What do Skaldic poetry, a jar of pickles and bootlegged alcohol have in common? All three were part of the 2016 Premiere Theatre Festival. This festival, comprised of five student-written and student-directed plays, took place in Phi Beta Kappa’s Memorial Hall on Feb. 29 and March, 1, 2 and 3.
Most of the plays in the festival originated as an assignment for a playwriting class. While some of the writers had experience with comedy groups on campus, almost none had prior experience writing, acting or directing.
The five plays chosen for the festival were Kingsong, Our Lovely Contestants, The Script, Rotgut and The Pickle Jar.
The Pickle Jar, written by Lydia House ’16, explored a strong group of characters that the plot rested on.
“I have never written something before and it was really exciting to go through that process, and to take my interest in comedy and learn to do that in a different medium was a valuable experience,” House said. “We were given all of these hints on how to write, and what I learned was to have strong characters and the play will write itself. Once you figure out what your characters want, comedy comes from the well-defined characters who act predictably, who have really defined wants and you can see them think.”
House started writing her play with the concept of a group of students who wanted to rob a bank, but gradually changed it to a small heist in a small town to focus on the humor. A group of friends steal an infamous jar of pickles and turn to a life of crime.
Another show, written by Emily Draper ’16 featured three sisters competing on a game show. Draper also wrote the show as part of her playwriting class.
“My play is a comedic drama,” Draper said. “It is about three sisters who enter a game show together and they work out their baggage, since they are adults with an ailing father. I got great feedback from my professor and then it was selected by the literary organizer of the festival and it was assigned a director.”
Literary organizer Jonah Fishel ’16 was responsible for selecting and organizing the works in the festival. He also had a play in the festival called Kingsong.
Fishel’s play was based off of experience he had from “Verse Play,” a course he took last semester that explored Norse Viking battles and the devotion between a father and son.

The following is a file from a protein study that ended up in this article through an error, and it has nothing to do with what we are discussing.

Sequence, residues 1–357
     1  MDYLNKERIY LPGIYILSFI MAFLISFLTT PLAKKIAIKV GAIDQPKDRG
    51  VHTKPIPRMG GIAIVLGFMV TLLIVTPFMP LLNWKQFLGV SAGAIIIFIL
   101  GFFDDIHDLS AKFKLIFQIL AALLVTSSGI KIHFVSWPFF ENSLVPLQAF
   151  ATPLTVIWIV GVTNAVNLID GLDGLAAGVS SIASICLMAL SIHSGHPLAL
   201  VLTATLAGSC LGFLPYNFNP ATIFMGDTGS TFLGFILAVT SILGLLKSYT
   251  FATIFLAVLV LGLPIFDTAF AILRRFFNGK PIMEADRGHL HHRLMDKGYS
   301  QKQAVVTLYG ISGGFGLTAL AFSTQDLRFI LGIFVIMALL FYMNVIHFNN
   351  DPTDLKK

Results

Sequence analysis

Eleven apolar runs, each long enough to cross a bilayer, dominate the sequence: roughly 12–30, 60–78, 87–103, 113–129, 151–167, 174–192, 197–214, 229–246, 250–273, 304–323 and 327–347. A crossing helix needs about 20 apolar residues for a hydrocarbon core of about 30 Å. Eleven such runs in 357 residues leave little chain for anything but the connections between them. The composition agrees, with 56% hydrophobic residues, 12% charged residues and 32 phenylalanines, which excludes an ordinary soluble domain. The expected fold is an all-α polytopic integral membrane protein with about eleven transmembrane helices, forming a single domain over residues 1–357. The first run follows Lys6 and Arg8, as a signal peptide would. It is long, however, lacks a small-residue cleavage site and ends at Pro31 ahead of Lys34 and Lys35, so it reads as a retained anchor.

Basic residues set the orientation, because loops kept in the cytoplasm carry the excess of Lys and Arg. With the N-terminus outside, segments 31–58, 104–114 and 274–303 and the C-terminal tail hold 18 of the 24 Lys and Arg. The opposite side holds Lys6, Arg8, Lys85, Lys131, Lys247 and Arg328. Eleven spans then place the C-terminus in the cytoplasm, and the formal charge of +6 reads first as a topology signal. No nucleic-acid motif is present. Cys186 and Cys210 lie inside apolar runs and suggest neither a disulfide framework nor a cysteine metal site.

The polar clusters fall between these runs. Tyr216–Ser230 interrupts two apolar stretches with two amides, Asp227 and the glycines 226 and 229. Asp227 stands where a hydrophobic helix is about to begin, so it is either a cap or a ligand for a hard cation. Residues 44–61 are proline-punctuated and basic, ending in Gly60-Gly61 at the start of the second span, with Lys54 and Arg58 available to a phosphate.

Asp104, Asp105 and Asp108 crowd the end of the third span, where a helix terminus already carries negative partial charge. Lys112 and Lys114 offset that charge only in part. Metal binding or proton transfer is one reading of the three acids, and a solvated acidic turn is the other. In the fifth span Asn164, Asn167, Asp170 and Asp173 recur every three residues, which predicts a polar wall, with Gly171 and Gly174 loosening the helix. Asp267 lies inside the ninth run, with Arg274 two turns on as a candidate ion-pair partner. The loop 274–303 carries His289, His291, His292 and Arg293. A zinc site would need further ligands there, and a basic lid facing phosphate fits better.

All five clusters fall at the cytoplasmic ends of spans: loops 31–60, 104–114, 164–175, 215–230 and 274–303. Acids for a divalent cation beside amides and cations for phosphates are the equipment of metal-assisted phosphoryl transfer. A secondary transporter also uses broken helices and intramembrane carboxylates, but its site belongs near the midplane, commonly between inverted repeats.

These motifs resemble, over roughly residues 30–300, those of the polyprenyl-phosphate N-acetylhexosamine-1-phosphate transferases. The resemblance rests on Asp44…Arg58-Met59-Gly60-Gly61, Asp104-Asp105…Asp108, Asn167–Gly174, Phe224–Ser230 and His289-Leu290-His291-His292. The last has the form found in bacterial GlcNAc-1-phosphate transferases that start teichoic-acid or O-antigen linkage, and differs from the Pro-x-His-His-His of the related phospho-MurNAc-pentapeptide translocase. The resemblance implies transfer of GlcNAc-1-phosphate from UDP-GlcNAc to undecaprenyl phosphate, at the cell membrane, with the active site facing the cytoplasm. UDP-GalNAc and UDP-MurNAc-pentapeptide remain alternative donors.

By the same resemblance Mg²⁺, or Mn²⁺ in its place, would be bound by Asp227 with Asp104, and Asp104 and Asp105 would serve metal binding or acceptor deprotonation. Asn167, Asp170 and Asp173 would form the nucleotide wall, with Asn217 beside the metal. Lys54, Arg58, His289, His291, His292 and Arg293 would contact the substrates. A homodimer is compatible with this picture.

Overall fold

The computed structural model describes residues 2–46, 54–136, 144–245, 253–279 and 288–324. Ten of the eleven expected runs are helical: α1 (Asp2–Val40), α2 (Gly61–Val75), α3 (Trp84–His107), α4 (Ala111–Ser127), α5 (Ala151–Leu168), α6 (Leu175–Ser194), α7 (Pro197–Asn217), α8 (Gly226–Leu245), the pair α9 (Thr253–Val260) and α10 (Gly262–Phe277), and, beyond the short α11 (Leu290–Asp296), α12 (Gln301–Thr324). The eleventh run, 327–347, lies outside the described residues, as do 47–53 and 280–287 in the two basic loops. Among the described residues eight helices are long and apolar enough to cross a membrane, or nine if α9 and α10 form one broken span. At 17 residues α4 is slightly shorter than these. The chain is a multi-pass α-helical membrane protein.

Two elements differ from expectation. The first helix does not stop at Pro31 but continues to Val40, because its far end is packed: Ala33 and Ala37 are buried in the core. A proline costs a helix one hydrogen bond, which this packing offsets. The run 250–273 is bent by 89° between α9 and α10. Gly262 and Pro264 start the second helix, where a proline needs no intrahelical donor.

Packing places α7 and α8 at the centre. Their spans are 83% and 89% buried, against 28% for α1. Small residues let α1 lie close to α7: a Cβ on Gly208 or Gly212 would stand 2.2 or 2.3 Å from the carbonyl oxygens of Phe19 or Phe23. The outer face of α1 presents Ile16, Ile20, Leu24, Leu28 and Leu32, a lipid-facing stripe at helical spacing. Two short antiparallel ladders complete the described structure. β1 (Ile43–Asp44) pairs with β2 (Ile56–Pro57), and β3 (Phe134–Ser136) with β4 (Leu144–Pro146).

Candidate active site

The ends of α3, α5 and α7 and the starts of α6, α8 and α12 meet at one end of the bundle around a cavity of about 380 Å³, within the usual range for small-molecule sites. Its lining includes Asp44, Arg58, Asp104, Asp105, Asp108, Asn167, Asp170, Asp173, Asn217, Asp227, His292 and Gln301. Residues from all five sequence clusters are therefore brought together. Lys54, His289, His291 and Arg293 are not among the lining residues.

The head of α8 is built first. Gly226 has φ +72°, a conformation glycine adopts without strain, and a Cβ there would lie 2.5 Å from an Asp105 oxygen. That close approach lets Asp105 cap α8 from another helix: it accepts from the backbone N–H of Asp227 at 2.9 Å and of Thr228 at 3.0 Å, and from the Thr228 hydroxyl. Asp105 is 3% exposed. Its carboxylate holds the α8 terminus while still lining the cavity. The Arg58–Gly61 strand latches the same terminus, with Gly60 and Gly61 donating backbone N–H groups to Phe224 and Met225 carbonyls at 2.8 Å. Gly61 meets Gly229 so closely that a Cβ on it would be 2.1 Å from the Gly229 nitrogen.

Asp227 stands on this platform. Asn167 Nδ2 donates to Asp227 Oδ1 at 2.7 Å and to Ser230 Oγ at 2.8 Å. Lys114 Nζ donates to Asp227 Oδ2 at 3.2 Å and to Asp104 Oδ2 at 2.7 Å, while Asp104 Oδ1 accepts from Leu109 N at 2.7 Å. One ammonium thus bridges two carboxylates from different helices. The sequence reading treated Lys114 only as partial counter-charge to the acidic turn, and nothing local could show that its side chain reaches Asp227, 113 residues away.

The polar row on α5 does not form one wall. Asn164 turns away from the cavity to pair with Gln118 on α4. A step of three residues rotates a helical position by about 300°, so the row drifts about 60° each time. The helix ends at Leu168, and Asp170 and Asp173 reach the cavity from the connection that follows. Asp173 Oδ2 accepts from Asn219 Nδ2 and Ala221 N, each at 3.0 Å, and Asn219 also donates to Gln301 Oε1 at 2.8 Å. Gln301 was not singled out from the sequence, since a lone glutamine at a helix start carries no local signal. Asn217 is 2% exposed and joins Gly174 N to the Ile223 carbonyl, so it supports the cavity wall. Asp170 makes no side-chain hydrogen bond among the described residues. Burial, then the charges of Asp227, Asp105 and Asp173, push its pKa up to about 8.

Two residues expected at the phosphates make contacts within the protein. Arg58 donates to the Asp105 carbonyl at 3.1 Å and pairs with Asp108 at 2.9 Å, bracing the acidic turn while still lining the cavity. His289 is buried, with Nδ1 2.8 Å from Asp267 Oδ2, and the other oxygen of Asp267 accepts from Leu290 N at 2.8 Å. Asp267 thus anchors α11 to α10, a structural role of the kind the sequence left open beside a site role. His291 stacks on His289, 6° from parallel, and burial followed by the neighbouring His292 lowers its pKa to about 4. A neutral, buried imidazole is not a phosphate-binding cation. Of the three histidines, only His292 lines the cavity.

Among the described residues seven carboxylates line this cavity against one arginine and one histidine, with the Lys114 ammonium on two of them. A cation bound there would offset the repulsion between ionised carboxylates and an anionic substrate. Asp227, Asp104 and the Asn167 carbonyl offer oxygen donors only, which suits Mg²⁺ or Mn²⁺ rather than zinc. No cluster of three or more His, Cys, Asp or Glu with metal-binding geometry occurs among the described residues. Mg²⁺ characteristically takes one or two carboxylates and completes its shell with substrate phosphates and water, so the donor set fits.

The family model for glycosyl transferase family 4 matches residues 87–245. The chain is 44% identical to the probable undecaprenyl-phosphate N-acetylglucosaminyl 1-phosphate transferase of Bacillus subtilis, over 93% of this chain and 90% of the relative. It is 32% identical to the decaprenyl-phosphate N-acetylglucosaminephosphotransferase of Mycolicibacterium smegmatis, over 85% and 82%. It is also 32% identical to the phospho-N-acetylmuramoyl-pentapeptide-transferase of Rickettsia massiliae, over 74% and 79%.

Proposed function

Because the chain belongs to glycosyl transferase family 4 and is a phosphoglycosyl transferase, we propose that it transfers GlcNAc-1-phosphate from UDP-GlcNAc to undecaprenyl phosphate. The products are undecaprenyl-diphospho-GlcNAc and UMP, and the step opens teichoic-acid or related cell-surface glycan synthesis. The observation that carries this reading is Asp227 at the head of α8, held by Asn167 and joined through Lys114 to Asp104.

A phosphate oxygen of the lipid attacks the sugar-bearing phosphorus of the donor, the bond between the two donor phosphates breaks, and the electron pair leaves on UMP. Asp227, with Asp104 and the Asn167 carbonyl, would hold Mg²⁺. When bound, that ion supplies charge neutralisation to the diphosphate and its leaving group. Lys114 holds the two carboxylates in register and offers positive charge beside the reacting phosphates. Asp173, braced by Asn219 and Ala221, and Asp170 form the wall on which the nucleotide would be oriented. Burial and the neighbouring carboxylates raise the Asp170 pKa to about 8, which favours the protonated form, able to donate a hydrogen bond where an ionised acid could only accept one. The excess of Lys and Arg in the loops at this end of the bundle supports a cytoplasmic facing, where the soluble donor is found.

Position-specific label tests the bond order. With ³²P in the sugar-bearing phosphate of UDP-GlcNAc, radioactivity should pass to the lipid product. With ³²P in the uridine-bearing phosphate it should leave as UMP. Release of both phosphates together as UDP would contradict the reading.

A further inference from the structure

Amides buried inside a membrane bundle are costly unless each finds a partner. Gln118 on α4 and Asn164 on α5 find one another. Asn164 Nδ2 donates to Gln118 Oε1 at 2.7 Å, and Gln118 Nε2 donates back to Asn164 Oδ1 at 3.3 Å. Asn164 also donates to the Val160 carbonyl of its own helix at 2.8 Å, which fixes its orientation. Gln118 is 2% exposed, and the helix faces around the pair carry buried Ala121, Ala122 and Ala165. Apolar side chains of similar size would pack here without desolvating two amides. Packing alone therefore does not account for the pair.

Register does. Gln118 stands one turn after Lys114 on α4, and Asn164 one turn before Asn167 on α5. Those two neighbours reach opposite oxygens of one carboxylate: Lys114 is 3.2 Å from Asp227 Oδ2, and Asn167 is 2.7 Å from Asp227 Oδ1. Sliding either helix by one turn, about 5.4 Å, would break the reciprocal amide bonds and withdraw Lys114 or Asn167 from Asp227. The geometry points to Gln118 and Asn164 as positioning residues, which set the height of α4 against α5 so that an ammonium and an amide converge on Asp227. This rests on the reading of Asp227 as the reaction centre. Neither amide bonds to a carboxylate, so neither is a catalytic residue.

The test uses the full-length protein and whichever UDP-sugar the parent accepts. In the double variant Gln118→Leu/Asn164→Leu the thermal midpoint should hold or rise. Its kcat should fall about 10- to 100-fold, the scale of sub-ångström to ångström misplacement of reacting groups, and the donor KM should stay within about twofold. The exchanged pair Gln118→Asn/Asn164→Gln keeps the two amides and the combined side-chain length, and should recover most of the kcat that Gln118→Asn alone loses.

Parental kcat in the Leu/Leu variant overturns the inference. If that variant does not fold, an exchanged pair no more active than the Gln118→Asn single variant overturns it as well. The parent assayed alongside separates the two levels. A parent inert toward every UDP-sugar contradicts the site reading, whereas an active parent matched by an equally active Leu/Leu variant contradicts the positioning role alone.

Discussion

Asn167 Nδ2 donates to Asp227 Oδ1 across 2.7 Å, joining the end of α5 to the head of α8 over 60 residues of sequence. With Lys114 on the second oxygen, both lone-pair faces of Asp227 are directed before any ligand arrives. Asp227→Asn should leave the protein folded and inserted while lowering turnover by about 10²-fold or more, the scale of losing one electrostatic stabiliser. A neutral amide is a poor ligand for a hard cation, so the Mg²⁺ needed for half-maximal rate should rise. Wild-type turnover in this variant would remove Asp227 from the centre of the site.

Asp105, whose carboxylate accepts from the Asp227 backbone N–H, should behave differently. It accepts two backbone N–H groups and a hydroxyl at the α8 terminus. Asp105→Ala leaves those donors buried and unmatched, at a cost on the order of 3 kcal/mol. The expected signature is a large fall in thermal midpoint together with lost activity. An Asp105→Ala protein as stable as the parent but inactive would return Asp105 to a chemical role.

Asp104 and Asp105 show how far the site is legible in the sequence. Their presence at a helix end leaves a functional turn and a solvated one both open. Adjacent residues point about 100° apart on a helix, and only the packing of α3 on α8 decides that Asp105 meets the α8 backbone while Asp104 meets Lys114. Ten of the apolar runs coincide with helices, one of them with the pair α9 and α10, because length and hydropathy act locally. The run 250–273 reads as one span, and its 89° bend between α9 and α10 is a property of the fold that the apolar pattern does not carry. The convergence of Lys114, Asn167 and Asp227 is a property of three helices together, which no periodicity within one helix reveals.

“The course was about modern plays written in verse and writing one of our own,” Fishel said in an email. “We read ‘Under Milk Wood’ in class and I loved the sound of it, how physical and visceral it was when read out loud. I decided I wanted to write a play that did something similar. I ended up settling on an approximating of a skaldic verse form because I liked the length of the lines and how evocative the poems I read were. I made it about the Vikings, because what else would I write a skaldic verse about. It took some getting used to, but once I got used to writing in the verse I wrote it in about a week.”
Fishel’s play was more serious and dramatic, while Draper and House aimed for plays that incorporated drama and comedy.
The actors brought elements to the characters that I hadn’t foreseen, they breathed life into the characters.
The Script, directed by Bruno Del Alamo ’16, focused on making a joke out of the assignment. He explored concepts such as atheism and breaking the fourth wall.
“It was supposed to be kind of a joke, because we write these things for playwriting,” Del Alamo said. “I wanted to write something that fulfilled the core requirements. There had to be conflicts, so I made sure that there were conflicts like every 24 seconds. The whole play has conflicts. While the assignment was supposed to focus on linear plotlines, I really wanted to write something that ignored that. Mine is all about trying to break the fourth wall.”
As other students directed the shows, many of the writers found the experience of getting to see their worked performed odd. However, this is also what many felt was one of the most rewarding experiences of the process. The writers, for the most part, took the role of explaining who the characters were and helping the actors understand some of the comedic lines.
“It didn’t occur to me that other people would be seeing it,” House said. “Rehearsals were really funny and the audience laughed at about half of the jokes. The actors brought elements to the characters that I hadn’t foreseen, they breathed life into the characters. It was cool to see how they would make it personal.”
For Fishel, this experience was also one of the most rewarding aspects of being involved in the festival. He enjoyed getting to see his work on stage and how it developed.
“The best part of the experience for me was sitting down opening night without ever seeing the play run all the way through,” Fishel said in an email. “I wanted to be surprised and I really was. The actors did a fantastic job. I got to see something that I wrote brought to life on the stage through the efforts of some very skilled and dedicated people, and that is something I value a lot.”